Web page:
Best of luck. If you want to post photos here I can give you at least a semi-professional’s opinion. Only if you want an honest opinion, just thought I’d offer 😉 

Post # 5
1498 posts
Bumble bee
  • Wedding: May 2014

Dreambee:  Get an education in Photography if you want to be a photographer.

Post # 7
9526 posts
Buzzing Beekeeper
  • Wedding: August 2013

Not a photographer, but if you ever get to the point where you have a website for your photography service – please post prices (or at least a range). And don’t call your prices “Investments”! It’s my pet peeve!

Post # 9
9526 posts
Buzzing Beekeeper
  • Wedding: August 2013

Dreambee:  Because that’s the important part…hehehe.

Post # 10
1676 posts
Bumble bee
  • Wedding: November 2013

Dreambee:  As a nurse who is not passionate about my job, my advice is to stick with nursing. I envy those who are able to feel passionate about their work, but more often than not a job is just what you have to do to make money. If you have a good steady income, you can do photography as a hobby, and if/when you develope your skills, you can then begin trying to make some money. Like others have said, it is hard to make a full living off of photography. There are enough opportunities in nursing that you can always supplement your photography income with a nursing shift here and there.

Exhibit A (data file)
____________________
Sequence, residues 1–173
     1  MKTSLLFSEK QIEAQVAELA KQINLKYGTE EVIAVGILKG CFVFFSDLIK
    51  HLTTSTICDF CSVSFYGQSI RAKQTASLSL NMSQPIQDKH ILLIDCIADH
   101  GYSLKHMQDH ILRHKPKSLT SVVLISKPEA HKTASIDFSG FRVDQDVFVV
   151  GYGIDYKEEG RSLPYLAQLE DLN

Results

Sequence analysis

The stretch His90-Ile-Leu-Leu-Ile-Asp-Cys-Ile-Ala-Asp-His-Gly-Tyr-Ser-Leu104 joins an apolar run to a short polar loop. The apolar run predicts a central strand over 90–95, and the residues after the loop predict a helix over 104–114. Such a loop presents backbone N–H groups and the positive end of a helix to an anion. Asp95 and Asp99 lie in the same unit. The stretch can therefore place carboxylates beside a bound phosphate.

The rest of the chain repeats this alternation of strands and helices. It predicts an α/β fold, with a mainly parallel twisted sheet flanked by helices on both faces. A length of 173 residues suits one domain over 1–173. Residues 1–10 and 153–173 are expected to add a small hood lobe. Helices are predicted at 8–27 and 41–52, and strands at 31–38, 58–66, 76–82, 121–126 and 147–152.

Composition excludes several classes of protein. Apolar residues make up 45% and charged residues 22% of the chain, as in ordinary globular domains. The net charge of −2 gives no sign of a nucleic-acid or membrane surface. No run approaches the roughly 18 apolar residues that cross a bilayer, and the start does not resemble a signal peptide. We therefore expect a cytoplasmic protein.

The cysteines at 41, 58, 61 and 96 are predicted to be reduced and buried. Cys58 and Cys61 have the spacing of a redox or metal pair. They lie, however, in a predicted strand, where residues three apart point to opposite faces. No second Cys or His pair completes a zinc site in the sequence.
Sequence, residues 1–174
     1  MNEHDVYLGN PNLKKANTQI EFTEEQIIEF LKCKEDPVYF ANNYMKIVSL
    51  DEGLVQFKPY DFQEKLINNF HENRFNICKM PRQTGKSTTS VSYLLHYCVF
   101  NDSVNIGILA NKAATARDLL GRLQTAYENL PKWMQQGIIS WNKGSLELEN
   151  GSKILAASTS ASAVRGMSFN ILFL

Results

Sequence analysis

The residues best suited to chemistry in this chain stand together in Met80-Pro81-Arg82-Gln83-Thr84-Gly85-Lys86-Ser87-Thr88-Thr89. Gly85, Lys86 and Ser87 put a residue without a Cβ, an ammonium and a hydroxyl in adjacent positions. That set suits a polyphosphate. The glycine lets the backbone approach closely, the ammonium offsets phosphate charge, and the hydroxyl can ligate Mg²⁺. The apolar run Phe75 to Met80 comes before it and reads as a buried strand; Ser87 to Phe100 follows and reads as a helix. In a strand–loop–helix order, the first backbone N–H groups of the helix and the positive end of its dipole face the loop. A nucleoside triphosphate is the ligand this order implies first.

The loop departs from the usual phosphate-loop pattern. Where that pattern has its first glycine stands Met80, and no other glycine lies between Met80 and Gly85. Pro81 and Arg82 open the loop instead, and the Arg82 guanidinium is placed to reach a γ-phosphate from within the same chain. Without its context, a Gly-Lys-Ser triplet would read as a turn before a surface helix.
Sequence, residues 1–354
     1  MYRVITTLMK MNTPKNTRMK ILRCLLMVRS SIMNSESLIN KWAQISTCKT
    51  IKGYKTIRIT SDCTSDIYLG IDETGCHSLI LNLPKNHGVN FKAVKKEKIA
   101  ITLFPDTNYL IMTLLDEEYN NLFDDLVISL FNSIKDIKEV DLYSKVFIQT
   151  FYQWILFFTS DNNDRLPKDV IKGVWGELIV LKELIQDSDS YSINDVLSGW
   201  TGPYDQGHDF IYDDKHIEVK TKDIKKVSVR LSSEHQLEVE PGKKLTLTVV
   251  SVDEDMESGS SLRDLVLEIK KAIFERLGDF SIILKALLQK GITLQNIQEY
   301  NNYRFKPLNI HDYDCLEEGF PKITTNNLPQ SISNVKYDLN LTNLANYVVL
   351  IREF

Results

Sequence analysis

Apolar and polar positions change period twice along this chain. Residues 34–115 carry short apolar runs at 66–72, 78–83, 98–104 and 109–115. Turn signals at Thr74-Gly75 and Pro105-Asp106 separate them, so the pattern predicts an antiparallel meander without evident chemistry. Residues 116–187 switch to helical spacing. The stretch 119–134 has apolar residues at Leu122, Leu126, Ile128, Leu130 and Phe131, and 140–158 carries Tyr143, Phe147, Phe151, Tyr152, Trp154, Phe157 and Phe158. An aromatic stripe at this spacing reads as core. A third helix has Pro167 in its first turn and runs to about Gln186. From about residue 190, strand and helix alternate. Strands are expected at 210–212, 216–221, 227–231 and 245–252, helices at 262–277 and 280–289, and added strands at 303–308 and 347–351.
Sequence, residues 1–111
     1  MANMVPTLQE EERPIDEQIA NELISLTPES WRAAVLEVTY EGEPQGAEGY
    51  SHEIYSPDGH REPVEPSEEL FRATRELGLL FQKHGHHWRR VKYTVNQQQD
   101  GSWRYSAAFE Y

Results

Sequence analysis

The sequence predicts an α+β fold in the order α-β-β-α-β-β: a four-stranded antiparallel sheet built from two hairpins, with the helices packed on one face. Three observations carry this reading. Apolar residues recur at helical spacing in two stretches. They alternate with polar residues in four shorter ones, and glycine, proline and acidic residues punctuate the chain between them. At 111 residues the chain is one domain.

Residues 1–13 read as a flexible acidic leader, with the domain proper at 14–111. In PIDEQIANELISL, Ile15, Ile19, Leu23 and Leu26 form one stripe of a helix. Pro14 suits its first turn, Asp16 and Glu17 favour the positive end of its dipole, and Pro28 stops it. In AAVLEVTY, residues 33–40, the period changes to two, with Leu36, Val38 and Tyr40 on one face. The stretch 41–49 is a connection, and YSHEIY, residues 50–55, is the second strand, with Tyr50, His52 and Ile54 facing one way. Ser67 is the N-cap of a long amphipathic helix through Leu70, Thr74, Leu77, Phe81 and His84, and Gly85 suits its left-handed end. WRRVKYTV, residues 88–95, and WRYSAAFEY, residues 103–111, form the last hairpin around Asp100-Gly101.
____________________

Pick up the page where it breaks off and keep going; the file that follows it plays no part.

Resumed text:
Post # 11
795 posts
Busy bee
  • Wedding: June 2014

GrannyPantiesRock: Yikes! DH is a nurse, has been for years and he loves his job! He enjoys helping others and even with the bad he knows its his calling. I also LOVE my job. I think if you really hate something you shouldn’t be doing it. DH talks to me all the time about nurses who need to leave because they aren’t passionate and are in it only for the money. I don’t believe you should be in nursing for the money – its a job that requires a certain type of person and if you aren’t that type of person you don’t belong in the field.